Grass waterways are an important part of a farm's overall soil conservation plan, but producers and landowners have to work at maintaining them or they cannot fulfill their function, said DeAnn Presley, K-State Research and Extension soil management specialist.
Grass waterways are permanent strips of grass seeded in areas of cropland where water either concentrates or flows off a field from terraces or diversions. They have several functions, each of which adds value to a farm, Presley said.
"The overall purpose of the waterway is to carry runoff water from a field. The grass prevents the water from forming a gully and traps some sediment," she said. "In addition, the vegetation absorbs some of the chemicals and nutrients in the runoff water, and provides habitat for small animals and birds."
For maintenance of grass waterways, Presley recommends:
Lift equipment out of the ground and shut off spray equipment when crossing the waterway. Encourage commercial applicators to do the same.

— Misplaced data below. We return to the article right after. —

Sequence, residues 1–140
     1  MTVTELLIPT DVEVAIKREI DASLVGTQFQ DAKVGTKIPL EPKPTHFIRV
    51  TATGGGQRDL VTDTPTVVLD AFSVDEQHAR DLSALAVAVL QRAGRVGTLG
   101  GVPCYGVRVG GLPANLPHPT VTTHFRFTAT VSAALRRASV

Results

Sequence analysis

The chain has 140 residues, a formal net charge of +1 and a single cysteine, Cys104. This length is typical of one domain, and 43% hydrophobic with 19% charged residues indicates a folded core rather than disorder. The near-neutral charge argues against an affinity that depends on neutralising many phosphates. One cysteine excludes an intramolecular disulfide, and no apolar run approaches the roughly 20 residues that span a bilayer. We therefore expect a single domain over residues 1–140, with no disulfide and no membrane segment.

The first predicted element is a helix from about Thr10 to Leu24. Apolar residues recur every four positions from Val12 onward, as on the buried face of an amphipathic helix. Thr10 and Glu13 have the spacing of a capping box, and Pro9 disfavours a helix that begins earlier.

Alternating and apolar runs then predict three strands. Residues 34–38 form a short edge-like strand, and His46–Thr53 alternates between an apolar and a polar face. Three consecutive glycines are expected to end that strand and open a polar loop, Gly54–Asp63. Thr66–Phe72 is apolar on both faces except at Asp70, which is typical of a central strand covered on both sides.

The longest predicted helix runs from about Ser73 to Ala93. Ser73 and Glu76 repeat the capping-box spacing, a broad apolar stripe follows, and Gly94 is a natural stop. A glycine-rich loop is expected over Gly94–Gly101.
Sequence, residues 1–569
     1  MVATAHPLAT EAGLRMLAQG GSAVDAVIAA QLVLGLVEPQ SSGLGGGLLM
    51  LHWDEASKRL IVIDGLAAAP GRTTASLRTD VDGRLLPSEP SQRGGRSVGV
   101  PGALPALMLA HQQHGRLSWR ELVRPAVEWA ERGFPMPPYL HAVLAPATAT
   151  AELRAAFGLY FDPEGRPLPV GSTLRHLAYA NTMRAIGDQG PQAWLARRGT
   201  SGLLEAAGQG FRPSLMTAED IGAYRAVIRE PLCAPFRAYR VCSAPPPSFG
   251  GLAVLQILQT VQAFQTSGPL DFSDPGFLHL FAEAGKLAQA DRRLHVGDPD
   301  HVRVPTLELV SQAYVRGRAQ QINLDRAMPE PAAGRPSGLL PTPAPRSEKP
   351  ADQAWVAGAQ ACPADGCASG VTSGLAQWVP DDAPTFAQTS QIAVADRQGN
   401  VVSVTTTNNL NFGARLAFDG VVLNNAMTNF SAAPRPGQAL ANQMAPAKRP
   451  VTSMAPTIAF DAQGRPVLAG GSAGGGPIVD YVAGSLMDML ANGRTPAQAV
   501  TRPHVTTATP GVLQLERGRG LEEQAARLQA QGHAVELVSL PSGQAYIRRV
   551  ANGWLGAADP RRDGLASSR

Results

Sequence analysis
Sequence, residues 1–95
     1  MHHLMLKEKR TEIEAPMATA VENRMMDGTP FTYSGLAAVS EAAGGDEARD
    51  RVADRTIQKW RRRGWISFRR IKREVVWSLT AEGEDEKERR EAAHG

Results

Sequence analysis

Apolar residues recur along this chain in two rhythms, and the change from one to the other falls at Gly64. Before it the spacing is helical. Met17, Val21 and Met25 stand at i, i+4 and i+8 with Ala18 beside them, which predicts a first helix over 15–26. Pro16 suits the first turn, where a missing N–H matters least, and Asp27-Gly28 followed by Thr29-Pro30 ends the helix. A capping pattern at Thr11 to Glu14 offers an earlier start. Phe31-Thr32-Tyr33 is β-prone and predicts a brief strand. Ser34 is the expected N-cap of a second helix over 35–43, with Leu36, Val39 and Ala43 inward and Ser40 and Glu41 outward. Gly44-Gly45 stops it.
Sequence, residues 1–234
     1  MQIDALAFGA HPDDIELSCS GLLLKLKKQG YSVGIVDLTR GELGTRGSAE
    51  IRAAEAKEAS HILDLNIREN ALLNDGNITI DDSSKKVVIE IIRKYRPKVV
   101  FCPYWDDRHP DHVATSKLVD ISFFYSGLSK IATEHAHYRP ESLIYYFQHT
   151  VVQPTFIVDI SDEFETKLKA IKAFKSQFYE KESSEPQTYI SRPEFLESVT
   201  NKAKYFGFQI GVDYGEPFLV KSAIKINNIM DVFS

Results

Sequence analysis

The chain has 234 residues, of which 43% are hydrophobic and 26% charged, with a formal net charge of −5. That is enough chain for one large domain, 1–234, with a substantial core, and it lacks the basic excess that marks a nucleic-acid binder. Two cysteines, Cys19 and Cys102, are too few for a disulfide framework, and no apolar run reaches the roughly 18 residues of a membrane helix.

If bare spots appear, reseed with sod-forming grasses.
Do not use the waterway as a roadway. Tracks can turn into gullies in single, intense rain events.
Do not overgraze or allow livestock trails to form. These can quickly turn into gullies.
If gullies form, fill, reshape, and reseed. Contact your local USDA Natural Resources Conservation Service field office for recommendations on grass species to plant.
Fertilize cool-season grasses regularly at a rate of 30 to 40 pounds of nitrogen per acre between November and mid-March. Many producers fertilize grass waterways when they topdress wheat.
Mow periodically, but don't mow between April 20 and July 15 when birds are nesting. It's important to mow grass because it encourages the formation of a dense sod. Also, shorter, thick grass is more effective at trapping sediment than tall grass, which will lay over in an intense rain event.
Be careful not to till into the edges of the waterway.
Avoid end rows planted parallel along the waterway. They may allow gullies to form on the waterway edge.
For more information, see K-State publication MF-1064, "Maintaining Grass Waterways," available at your local county Research and Extension office or at: http://www.ksre.ksu.edu/library/crpsl2/mf1064.pdf/.